- officer of arms,
- officer of the day,
- officer of the deck,
- officer of the guard,
- officer of the watch,
- official family,
- official formula,
- official receiver,
- official referee,
- official solicitor
Origin of official
Examples from the Web for unofficial
It was just the anonymous artist and his group of pranksters using New York as their unofficial playground.Catch Him If You Can: Reliving Banksy’s New York Invasion|Alex Suskind|November 14, 2014|DAILY BEAST
The video was also posted on the Twitter account of “a3maq news,” which acts as an unofficial media arm of ISIS.ISIS Video: America’s Air Dropped Weapons Now in Our Hands|Josh Rogin|October 21, 2014|DAILY BEAST
TEL AVIV – If hell were a travel destination, Qusay Omran would be its unofficial tour guide.
Labor Day marks the unofficial end of summer and the unofficial start of the general election.Just Tuning Into The Mid-Terms? Here are Five, Weird, Unpredictable Senate Races to Watch|Ben Jacobs|September 1, 2014|DAILY BEAST
This summer, Justin Bieber is the unofficial tiny prince of Ibiza.The Tiny Prince of Ibiza Parties On, While Kim and Paris Make Peace|Amy Zimmerman|August 4, 2014|DAILY BEAST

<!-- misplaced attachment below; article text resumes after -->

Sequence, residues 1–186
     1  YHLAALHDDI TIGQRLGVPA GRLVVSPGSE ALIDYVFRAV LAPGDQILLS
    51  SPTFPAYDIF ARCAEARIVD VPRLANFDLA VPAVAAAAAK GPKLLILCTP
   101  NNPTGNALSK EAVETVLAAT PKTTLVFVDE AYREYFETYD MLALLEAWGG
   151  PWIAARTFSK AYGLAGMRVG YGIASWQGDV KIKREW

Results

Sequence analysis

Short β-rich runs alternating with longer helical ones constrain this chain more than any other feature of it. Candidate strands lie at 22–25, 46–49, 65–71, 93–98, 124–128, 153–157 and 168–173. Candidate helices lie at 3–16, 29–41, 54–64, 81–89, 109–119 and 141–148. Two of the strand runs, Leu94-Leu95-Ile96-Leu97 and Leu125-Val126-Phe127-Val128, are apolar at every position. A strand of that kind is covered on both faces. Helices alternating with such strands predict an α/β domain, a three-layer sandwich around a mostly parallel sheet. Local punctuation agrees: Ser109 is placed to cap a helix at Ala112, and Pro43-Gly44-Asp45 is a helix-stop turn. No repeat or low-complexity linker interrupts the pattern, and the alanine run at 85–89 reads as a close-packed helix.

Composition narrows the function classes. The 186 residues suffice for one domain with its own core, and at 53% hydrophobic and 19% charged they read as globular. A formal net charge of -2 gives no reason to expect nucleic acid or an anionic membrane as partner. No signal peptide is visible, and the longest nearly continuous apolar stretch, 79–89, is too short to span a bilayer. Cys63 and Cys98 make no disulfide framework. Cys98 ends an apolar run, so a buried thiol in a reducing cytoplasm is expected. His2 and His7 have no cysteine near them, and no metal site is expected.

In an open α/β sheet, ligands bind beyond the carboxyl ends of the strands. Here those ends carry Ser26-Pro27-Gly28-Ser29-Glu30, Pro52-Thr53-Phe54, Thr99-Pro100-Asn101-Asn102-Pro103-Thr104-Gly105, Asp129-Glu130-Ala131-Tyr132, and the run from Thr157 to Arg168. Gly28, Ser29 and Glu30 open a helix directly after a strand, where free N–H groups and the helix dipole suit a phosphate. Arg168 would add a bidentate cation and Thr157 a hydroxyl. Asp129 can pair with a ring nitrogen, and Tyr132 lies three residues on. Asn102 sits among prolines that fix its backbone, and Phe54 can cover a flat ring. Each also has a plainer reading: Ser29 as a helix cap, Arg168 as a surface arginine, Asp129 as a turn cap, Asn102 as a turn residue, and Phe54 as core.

Society, official and unofficial, kept rather strictly to their tackle; their mode of movement not that of loose oxen at all!History of Friedrich II. of Prussia, Vol. XVI. (of XXI.)|Thomas Carlyle
Yet the letter reported by Nicholson was ‘full and particular,’ but that letter the preachers seem to have regarded as unofficial.James VI and the Gowrie Mystery|Andrew Lang
Serrano, an unofficial member of the group, broke in excitedly.Mountain|Clement Wood
The president opened the court-martial in unofficial phraseology.The White Feather|P. G. Wodehouse
Say this in unofficial terms to Mr. Lloyd George, but impress upon him its very great significance.The Life and Letters of Walter H. Page, Volume II|Burton J. Hendrick
early 14c., from Old French oficial "law officer; bishop's representative" (12c.) and directly from Late Latin officialis "attendant to a magistrate, public official," noun use of officialis (adj.) "of or belonging to duty, service, or office" (see official (adj.)). Meaning "person in charge of some public work or duty" first recorded 1550s.
late 14c., "performing a service; required by duty," from Old French oficial "official; main, principal" (14c., Modern French officiel) or directly from Late Latin officialis "of or belonging to duty, service, or office," from Latin officium (see office). Meaning "pertaining to an office or official position" is from c.1600.